Hegemonic Masculinity In Sports

2348 Words 10 Pages
The October 30, 1944 cover of TIME magazine depicts a photograph of a stern faced man against a background that includes a closed fist punching an image of Emperor Hirohito of Japan; the caption reads “I Shall Return.” The man is General Douglas MacArthur, who embodies the pure, rugged masculinity that America holds in such high esteem. He’s often quoted for saying, “Only those Americans who are willing to die for their country are fit to live.” The United States has elevated that value of sacrifice into the American mythos. That this has happened is no coincidence as the United States is a culture with a strong element of hegemonic masculinity. Hegemonic masculinity, a concept created by sociologist Raewyn Connell, is a strain of masculinity …show more content…
Yet there is much scholarly debate as to whether sport today continues to uphold the values of hegemonic masculinity or actually contributes to breaking down the hegemonic aspects of masculinity. Juxtaposing the media portrayals of Nolan Ryan and Russell Westbrook, as well as examining the views of a men’s college soccer team in the Northeast, provides strong evidence that hegemonic masculinity, although it has aspects that maintain a significant presence in society, is being challenged by other more inclusive forms of masculinity, particularly in terms of views on homosexuality. This reduction in the prevalence of hegemonic masculinity is good for all of us—it leads to a more open and happy …show more content…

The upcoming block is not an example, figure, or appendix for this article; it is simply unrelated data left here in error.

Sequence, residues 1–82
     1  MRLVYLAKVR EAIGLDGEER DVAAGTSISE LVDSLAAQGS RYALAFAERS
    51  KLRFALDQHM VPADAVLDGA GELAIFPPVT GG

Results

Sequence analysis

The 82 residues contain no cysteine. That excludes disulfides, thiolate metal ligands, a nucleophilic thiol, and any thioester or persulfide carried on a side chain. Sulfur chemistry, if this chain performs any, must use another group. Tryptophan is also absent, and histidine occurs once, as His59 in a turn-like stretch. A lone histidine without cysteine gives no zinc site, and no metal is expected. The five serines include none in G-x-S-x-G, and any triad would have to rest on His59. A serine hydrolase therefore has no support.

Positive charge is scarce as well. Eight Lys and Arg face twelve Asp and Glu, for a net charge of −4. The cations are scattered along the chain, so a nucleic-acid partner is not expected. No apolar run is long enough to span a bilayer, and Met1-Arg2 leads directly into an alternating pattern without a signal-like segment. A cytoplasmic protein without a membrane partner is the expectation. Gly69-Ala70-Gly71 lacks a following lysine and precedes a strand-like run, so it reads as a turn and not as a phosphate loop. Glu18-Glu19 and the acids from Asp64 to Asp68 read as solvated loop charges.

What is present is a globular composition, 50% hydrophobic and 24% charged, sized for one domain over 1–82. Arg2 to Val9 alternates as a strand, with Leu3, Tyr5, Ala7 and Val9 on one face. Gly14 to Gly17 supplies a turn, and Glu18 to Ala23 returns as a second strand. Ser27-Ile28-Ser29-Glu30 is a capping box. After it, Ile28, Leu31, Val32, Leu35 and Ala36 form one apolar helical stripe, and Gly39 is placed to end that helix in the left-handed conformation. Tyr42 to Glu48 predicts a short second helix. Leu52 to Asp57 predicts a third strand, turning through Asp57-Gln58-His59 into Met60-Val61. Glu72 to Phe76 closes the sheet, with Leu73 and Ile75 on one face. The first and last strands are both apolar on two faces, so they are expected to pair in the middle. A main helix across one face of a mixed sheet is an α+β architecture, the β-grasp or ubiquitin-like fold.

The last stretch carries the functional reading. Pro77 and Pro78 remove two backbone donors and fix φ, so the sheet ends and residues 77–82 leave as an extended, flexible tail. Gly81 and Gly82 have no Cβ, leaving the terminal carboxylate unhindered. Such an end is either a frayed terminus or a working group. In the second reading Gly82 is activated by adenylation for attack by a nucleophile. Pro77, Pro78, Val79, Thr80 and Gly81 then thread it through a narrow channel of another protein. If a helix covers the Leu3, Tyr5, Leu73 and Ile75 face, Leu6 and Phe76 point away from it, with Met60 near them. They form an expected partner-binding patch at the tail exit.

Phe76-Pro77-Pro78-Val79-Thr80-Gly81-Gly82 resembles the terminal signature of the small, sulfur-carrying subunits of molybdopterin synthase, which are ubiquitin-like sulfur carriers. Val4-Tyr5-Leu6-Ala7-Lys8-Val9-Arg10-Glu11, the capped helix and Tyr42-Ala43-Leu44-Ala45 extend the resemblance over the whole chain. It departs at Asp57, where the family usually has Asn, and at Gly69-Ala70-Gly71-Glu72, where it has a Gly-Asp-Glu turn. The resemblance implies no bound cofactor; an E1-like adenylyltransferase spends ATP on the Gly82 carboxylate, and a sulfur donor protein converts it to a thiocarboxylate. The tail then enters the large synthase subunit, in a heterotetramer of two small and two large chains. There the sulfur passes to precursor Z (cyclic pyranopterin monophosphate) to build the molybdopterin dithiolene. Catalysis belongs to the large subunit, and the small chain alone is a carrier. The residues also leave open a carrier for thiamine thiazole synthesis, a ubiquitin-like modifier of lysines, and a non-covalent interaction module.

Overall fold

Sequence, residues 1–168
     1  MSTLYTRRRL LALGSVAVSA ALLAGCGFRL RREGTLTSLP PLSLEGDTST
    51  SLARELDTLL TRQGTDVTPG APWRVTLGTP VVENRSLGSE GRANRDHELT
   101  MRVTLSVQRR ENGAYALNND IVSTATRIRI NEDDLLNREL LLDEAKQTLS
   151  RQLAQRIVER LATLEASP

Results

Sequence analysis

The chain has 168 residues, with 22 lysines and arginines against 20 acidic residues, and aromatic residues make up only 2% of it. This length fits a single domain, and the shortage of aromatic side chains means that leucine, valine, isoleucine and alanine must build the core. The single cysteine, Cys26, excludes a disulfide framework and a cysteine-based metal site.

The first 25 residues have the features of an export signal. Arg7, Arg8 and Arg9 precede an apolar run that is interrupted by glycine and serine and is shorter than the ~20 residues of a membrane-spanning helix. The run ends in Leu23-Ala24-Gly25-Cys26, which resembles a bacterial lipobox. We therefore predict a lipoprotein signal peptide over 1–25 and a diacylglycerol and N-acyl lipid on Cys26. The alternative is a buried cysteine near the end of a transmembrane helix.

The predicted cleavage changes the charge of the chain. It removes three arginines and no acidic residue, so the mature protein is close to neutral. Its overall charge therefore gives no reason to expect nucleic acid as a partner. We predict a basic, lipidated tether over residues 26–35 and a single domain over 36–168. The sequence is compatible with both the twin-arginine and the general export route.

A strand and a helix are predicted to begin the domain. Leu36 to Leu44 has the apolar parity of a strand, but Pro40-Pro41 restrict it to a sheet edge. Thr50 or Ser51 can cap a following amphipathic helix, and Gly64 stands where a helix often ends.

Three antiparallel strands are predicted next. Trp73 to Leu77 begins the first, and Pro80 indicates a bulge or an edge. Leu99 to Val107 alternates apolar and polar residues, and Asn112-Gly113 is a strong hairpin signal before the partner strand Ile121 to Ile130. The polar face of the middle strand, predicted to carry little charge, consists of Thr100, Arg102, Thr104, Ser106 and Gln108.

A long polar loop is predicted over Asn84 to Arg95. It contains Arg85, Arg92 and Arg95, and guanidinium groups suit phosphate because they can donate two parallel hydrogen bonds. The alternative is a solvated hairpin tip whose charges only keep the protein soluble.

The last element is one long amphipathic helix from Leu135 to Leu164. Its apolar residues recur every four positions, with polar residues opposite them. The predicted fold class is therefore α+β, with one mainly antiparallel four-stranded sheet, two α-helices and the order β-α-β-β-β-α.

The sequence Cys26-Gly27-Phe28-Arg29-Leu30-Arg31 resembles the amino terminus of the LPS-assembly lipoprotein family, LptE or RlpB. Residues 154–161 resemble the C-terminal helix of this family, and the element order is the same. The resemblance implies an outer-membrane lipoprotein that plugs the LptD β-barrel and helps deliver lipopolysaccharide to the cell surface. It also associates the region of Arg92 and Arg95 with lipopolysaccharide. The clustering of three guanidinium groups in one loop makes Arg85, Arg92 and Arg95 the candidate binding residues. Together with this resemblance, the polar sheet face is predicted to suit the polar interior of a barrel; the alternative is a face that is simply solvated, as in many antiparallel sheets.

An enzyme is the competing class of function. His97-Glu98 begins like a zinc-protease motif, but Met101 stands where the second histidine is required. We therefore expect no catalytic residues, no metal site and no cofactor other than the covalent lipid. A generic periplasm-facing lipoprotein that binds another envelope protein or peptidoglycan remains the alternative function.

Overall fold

Namely, Westbrook flouts the traditional fashion roles expected of men in society. Whereas Nolan Ryan was celebrated by as a “tidy, unflashy, dresser” (Fimrite 1975 as cited in Trujillo 1991 p. 301), Westbrook now receives praise for his “conscious thumbing of the nose at the masculine status quo” (Morris 2014)—a sign that the homophobia that marked Ryan’s moment is fading. This is an indication of favorable change towards inclusive masculinity congruous with the work of Adams (2011) in his article “Josh Wears Pink Cleats”: Inclusive Masculinity on the Soccer Field. Adams (2011) studied a men’s collegiate soccer team and “found no intellectualization or overt performances of homophobia during [his] time observing, socializing with, and interviewing” (p. 584) the team. Similar to what can be seen with Westbrook, Adams (2011) found “a subversion of the rigid boundaries of gendered assessment that exists among male teamsport athletes today” (p. 588) among players on the soccer team he visited. This openness among athletes to express a more colorful side is a welcome change from the hegemonic masculinity that marked Ryan’s time. The pink cleats soccer players wear and Westbrook’s unique clothing are both physical representations of the change to a more inclusive masculinity. They are concrete evidence that the media now positively portrays certain

Related Documents